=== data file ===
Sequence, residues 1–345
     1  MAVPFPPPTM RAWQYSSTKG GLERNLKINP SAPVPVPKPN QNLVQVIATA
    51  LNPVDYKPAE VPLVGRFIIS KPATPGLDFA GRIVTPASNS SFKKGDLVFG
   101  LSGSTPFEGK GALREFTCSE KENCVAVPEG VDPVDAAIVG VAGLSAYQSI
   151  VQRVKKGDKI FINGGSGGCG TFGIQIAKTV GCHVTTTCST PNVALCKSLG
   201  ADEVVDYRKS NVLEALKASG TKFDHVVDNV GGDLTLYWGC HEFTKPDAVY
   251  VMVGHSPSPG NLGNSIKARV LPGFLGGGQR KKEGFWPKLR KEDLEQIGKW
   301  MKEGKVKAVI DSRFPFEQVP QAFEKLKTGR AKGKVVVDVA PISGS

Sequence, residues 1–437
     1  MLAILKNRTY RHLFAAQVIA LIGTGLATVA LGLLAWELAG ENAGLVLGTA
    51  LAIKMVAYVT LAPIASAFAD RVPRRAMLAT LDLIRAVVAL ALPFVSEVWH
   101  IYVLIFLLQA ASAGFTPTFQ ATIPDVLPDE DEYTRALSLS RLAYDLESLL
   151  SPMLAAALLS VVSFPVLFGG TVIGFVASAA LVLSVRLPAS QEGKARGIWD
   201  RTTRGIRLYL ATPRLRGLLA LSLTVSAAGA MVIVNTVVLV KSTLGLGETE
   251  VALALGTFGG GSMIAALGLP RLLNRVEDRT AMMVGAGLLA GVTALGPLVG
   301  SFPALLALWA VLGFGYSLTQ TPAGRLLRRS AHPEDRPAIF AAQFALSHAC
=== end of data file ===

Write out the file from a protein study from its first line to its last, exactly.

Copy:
Sequence, residues 1–345
     1  MAVPFPPPTM RAWQYSSTKG GLERNLKINP SAPVPVPKPN QNLVQVIATA
    51  LNPVDYKPAE VPLVGRFIIS KPATPGLDFA GRIVTPASNS SFKKGDLVFG
   101  LSGSTPFEGK GALREFTCSE KENCVAVPEG VDPVDAAIVG VAGLSAYQSI
   151  VQRVKKGDKI FINGGSGGCG TFGIQIAKTV GCHVTTTCST PNVALCKSLG
   201  ADEVVDYRKS NVLEALKASG TKFDHVVDNV GGDLTLYWGC HEFTKPDAVY
   251  VMVGHSPSPG NLGNSIKARV LPGFLGGGQR KKEGFWPKLR KEDLEQIGKW
   301  MKEGKVKAVI DSRFPFEQVP QAFEKLKTGR AKGKVVVDVA PISGS

Sequence, residues 1–437
     1  MLAILKNRTY RHLFAAQVIA LIGTGLATVA LGLLAWELAG ENAGLVLGTA
    51  LAIKMVAYVT LAPIASAFAD RVPRRAMLAT LDLIRAVVAL ALPFVSEVWH
   101  IYVLIFLLQA ASAGFTPTFQ ATIPDVLPDE DEYTRALSLS RLAYDLESLL
   151  SPMLAAALLS VVSFPVLFGG TVIGFVASAA LVLSVRLPAS QEGKARGIWD
   201  RTTRGIRLYL ATPRLRGLLA LSLTVSAAGA MVIVNTVVLV KSTLGLGETE
   251  VALALGTFGG GSMIAALGLP RLLNRVEDRT AMMVGAGLLA GVTALGPLVG
   301  SFPALLALWA VLGFGYSLTQ TPAGRLLRRS AHPEDRPAIF AAQFALSHAC